The Message assistant editor
Father Luke Hassler took a leap of faith, and it changed his life.
His junior year at Mater Dei High School was “very hard” as he discerned whether God wanted him to attend seminary. Two of the biggest leaps of faith for Father Luke were first saying yes to seminary and then saying yes to the priesthood.
He simply wanted the Lord to tell him what to do; but Father Luke admitted discernment wasn’t like that for him.
Father Luke and his parents, Lynn and Clare Hassler, were part of a panel discussion during a Raising Vocations event Oct. 22 at Holy Cross Parish in Fort Branch. About 35 people attended the event, which consisted of a Eucharistic Holy Hour followed by the panel discussion. It was the third Raising Vocations event held this fall.
Father Luke presided over the guided Holy Hour at Holy Cross, and Diocese of Evansville Director of Vocations Father Tyler Tenbarge preached.
Discussion panelists included Father Luke and his parents; Roger Johnson, father of seminarian Clint Johnson; and Jeff and Amy Sellers, parents of seminarian Nick Sellers.
“It was these small moments that led to that bigger thing,” Father Luke said. “I had small moments in high school, whether it was counseling my friends through a bad breakup, being with people when they were sick or helping people whenever a family member was dying; just talking people through those things.
“At the time, I really struggled with uncertainty. I wanted everything to work out. … When I decided to do it, I kind of just hit the gas and went for it.”
Father Luke was ordained a priest May 25, 2019. He serves as Parochial Vicar of Holy Cross, Sts. Peter and Paul Parish and St. James Parish, both in Haubstadt.
Clare Hassler wasn’t surprised when her son said he wanted to join the priesthood. However, Lynn Hassler felt differently. Even when he and Clare dropped their son off at Bishop Simon Bruté College Seminary, he assumed Father Luke would be home for good at Christmas.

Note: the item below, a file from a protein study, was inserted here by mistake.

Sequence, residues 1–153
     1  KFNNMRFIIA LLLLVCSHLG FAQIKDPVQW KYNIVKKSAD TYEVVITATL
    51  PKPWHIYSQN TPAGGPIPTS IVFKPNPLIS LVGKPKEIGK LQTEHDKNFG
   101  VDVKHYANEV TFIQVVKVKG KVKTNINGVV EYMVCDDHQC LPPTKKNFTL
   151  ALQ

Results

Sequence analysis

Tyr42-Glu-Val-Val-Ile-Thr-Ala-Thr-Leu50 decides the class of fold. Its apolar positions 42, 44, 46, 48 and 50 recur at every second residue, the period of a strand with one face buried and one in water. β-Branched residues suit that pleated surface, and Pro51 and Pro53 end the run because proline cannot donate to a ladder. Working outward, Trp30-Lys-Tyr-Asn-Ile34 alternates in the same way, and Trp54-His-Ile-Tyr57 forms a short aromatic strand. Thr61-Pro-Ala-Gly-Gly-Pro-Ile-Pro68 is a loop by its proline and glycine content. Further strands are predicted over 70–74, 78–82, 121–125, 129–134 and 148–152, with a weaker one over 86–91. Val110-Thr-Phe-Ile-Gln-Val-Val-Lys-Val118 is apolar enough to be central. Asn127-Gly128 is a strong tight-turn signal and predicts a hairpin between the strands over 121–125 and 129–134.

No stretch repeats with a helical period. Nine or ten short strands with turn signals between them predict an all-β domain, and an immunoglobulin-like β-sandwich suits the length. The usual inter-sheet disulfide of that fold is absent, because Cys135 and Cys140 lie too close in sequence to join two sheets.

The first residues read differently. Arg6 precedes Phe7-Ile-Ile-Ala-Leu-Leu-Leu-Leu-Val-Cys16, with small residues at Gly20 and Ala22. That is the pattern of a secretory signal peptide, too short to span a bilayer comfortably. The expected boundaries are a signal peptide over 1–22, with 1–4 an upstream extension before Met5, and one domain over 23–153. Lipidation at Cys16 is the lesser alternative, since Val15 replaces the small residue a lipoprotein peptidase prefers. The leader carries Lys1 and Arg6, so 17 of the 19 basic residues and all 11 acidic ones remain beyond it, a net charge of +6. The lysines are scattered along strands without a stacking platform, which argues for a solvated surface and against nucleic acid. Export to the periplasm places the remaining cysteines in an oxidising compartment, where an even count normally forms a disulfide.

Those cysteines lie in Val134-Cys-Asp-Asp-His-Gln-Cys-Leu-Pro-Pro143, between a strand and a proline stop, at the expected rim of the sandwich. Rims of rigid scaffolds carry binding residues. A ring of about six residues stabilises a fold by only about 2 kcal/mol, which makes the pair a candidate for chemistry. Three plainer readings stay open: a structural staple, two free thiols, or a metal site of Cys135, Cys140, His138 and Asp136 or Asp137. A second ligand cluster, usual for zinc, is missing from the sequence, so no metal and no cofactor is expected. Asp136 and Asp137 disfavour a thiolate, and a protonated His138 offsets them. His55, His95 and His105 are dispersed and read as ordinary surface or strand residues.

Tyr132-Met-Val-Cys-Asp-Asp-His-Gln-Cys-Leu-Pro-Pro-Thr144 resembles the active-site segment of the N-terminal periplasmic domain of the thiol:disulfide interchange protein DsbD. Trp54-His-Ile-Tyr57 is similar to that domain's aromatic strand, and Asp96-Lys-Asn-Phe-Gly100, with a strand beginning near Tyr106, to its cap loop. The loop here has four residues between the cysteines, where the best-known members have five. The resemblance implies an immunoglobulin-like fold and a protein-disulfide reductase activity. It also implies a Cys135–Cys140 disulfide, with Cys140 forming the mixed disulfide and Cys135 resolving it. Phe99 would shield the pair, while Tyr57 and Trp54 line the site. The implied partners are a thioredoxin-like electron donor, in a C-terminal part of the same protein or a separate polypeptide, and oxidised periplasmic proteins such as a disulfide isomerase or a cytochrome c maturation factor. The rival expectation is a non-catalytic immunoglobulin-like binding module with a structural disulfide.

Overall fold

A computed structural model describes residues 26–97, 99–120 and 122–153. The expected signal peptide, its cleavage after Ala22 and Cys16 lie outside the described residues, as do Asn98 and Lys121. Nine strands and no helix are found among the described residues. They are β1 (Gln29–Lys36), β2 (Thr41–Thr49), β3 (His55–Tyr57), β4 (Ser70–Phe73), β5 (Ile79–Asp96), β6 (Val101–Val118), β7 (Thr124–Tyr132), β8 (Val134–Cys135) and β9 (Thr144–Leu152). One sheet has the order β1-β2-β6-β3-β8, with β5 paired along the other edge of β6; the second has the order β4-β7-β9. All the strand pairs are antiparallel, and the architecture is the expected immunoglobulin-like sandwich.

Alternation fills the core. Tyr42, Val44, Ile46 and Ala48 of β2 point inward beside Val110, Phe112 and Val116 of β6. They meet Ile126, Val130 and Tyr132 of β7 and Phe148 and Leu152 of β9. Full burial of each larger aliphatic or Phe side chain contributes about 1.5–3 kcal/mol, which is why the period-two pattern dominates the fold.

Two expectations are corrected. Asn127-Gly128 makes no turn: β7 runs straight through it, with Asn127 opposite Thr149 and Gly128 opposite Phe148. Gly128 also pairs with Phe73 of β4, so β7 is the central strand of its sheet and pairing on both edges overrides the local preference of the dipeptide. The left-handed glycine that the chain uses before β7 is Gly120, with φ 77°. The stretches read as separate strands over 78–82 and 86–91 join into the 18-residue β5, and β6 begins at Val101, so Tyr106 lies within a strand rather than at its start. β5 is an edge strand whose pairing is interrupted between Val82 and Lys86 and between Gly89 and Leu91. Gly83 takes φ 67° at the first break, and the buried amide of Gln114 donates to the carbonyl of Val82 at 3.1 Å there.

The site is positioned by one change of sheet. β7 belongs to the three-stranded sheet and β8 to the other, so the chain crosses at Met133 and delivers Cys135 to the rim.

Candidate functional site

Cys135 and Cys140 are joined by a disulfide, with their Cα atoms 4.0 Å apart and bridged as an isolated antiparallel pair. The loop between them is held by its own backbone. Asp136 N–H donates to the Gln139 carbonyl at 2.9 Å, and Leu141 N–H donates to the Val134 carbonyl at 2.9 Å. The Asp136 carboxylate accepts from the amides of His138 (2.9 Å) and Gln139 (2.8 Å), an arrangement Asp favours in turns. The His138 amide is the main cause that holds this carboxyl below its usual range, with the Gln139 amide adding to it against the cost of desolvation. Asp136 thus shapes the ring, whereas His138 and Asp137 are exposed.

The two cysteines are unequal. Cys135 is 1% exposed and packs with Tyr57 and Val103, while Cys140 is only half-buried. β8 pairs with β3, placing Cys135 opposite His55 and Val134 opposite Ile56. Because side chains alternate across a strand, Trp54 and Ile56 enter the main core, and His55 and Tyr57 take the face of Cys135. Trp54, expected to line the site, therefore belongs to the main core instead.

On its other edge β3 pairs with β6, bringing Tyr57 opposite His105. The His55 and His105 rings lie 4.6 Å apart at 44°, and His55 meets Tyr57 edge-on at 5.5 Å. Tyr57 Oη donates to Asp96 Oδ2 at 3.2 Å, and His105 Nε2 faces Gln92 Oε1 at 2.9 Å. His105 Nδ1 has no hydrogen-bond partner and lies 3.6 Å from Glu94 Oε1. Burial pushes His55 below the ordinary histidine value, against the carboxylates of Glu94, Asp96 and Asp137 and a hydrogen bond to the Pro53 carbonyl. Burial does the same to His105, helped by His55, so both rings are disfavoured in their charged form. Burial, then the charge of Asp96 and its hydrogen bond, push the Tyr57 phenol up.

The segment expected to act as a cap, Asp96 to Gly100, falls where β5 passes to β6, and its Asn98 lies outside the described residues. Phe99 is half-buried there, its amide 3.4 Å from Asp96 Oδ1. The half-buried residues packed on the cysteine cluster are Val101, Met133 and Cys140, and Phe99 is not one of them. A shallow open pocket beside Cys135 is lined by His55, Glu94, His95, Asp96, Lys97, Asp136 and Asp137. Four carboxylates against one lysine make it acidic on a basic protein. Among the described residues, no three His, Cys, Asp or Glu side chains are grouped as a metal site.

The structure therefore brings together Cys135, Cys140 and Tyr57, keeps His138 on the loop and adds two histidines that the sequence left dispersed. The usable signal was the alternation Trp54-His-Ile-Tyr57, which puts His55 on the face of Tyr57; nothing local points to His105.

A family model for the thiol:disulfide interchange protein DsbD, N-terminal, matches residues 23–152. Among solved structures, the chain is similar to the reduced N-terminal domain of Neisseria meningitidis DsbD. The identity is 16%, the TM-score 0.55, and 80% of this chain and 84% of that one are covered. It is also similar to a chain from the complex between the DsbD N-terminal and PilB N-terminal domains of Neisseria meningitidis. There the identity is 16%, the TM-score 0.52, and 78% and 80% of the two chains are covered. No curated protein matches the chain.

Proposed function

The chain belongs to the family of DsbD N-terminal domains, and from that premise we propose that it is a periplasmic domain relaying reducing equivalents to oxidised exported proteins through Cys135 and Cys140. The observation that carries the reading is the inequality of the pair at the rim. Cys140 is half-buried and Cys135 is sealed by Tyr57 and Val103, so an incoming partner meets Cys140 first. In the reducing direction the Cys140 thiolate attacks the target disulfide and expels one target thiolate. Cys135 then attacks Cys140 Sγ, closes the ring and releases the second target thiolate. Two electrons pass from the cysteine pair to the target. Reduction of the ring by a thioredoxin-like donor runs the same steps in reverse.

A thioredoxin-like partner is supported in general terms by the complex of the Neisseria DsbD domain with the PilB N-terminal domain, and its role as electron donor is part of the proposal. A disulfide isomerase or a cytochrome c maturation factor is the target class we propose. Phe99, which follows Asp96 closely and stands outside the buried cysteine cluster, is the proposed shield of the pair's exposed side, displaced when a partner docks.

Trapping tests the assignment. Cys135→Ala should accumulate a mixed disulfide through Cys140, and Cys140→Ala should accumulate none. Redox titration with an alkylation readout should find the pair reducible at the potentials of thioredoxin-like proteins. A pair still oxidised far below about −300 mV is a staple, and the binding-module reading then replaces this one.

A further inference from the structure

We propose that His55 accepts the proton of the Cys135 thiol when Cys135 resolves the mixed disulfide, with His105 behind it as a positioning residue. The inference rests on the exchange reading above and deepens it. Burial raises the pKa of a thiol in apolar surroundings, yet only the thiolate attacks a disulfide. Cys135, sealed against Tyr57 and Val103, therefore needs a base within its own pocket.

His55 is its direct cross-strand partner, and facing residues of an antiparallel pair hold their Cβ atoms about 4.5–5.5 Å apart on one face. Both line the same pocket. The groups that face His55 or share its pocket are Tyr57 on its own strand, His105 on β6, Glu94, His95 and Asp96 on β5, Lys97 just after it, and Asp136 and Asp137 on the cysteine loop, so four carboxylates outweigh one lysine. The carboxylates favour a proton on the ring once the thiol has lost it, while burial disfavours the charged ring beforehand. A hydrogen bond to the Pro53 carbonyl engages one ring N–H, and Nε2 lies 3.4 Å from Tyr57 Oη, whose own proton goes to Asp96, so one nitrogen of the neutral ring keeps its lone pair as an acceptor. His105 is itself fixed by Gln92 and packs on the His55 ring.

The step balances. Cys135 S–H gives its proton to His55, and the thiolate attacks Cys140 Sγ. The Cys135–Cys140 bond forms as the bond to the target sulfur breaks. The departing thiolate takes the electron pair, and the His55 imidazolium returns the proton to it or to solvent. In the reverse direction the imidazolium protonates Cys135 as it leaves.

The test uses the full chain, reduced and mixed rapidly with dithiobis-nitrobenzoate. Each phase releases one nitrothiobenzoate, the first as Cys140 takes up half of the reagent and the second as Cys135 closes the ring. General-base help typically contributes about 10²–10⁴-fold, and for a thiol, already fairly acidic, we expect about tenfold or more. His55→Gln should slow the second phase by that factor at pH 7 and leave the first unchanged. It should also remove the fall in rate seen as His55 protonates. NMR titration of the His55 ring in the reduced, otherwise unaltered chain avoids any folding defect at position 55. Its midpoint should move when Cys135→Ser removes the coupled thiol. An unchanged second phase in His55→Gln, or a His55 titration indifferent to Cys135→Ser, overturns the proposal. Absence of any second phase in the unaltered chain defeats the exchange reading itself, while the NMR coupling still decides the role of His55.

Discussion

“Luke was not a real scholarly guy,” Lynn Hassler said. “Well, he made it through Christmas, and he went back the next year and his grades were good. I thought, ‘I guess the Holy Spirit is helping him.’”
The first time Clare and Lynn Hassler visited their son at seminary was much different than they expected.
“I thought it was going to be this quiet, hear-a-pin-drop place where everybody was whispering and stoic,” Clare Hassler said. “But it’s none of that. It’s very happy and relaxed. They’re very busy, and just to see the seminarians interact with one another, it’s a brotherly atmosphere.”
Lynn Hassler noted how the seminarians are never pressured into becoming a priest.
“Once they were in, they didn’t slam the door and say ‘OK, we got you,’” Lynn said as the room erupted in laughter. “They talked to the guys about discerning what God was calling them to be. I think that helped the guys figure out their calling.”
Some of Father Luke’s best memories from seminary involve playing football, Frisbee and soccer at Bruté. He said they would have movie nights, ping pong tournaments and “normal college kid” outings.
“It was really a brotherhood. … What I really enjoyed was the closeness of the community and meeting the guys, and having genuine friendships with them,” Father Luke said. “It was a very unique place mainly because everybody was there for the same purpose. Everyone wanted to know the same thing; they wanted to know what God was calling them to do. To be able to share that same goal is very encouraging; it was very life-giving.”
In addition to serving as Diocesan Director of Vocations, Father Tyler serves as Chaplain and Director of the Father Deydier House of Discernment and part-time Associate Pastor at Corpus Christi Parish.
“We have to pray for vocations,” he said. “If we don’t ask God to send laborers, he’s not going to send them. If we don’t open our hearts the way God has asked of us or of our children or people in our community that we know, we’re not going to find what God’s will is.”
Lynn Hassler said it’s important to love, support and encourage anyone considering the call to priesthood. Clare Hassler added that we need to pray for them.
“One thing’s for sure; if you go to seminary, however long you stay in, you sure do get to know yourself and what you’re all about,” she said. “So what a gift that is. The people in charge (at the seminary) are very joyful, welcoming and interested in the seminarians. They show what it means to be a good, Catholic man.”